Author: Daniel M. Bensen
Publisher: Flame Tree Press
[Advance reader copy, due to be published on January 2019]
Synopsis: There’s a wormhole in New Guinea and, while much isn’t known, one thing is for sure – on the other side is a planet similar to ours, with a habitat suitable for life. Japanese nature show host Daisuke Matsumori will be one of the first to visit Junction, a patchwork planet of competing alien ecosystems. But his exploratory party crashes in the wilderness and members continue to die. What is causing these deaths? At first it seems clear that is must be an alien predator or the hazardous landscape, but Daisuke starts to wonder wheter human politics might be more deadly than alien biology.
One of the significant challenges of science fiction is world building, a key factor for any novel-length work. If the author fails to deliver a believable world, then everything else fails, no matter how good could be the prose or how accurate could be the cast of characters. It’s a dangerous game, balanced between the need to portray something different from reality and the challenge to win the suspension of disbelief from the readers.
Daniel Bentsen apparently doesn’t like to play safe and starts this novel with a bang, placing a wormhole on Earth. That’s a bold move for sure, followed by another – on the other side of the wormhole (!), there’s a planet that connects an unknown number of wormholes (!!), each with a different ecosystem in the closeness.
Add to the mix one of the most peculiar cast of characters ever seen, set up as an exploration party in this strange new world, then put in a massive dose of well-built scientific speculation about different life forms and biochemistry (yay!) plus the familiar thrill of the adventure and a whodunit that leaves corpses scattered along the path. What do you get? Well, it’s one of the most unique science fiction novel in the last ten years or so. What’s even more interesting is that there is the potential for much more, for more novels or even a shared universe, all along the n-ways to get in and out of Junction.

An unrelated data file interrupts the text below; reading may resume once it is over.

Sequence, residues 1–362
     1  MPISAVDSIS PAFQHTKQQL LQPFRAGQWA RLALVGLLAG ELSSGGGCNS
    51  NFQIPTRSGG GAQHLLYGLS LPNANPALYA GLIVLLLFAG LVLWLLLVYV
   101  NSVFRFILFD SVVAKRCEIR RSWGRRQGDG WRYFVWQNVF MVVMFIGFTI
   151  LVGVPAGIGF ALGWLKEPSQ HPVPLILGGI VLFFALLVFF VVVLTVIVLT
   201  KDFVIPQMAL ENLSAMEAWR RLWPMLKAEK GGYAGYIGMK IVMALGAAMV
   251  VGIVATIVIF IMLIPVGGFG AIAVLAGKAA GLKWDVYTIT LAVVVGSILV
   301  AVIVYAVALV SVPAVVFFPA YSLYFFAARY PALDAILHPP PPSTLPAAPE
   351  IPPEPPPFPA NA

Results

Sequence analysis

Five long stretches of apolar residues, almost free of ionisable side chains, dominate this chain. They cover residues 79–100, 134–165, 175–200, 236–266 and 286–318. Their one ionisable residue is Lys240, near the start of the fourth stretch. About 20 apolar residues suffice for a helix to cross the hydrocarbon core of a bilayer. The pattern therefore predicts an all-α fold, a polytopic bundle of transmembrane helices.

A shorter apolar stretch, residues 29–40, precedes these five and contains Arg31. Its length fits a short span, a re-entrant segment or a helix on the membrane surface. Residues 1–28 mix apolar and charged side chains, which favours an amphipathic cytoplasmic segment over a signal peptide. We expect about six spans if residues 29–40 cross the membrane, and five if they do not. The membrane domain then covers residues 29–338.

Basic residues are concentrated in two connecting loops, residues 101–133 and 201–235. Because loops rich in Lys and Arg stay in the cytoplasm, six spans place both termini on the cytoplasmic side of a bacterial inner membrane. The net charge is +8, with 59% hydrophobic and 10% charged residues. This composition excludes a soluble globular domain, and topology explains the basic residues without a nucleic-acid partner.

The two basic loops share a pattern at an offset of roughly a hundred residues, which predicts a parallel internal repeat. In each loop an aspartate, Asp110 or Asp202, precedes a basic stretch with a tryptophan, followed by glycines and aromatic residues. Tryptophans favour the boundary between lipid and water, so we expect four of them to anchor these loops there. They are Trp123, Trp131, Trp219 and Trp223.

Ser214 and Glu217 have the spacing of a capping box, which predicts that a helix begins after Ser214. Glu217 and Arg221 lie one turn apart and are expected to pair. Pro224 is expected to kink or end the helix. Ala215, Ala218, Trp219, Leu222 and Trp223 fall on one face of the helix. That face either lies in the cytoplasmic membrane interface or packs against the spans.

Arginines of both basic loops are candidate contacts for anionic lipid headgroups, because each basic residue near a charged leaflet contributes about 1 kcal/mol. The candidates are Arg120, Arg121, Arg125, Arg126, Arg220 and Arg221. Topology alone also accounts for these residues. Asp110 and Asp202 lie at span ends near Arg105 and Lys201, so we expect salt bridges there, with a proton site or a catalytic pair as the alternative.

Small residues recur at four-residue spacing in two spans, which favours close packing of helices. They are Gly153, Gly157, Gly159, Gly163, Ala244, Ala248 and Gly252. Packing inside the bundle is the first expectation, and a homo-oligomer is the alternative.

The pros of this book are about originality, solid bases on real science (biochemistry), humor and some great choice in the development of the main characters.
The cons of this book are about a lack of perspective about the potential of such a discovery in the “real” world. We get a lot of hints about the tension between countries and such, but it’s the weakest part of the book.
Where to find it: Flame Tree Press, amazon.com
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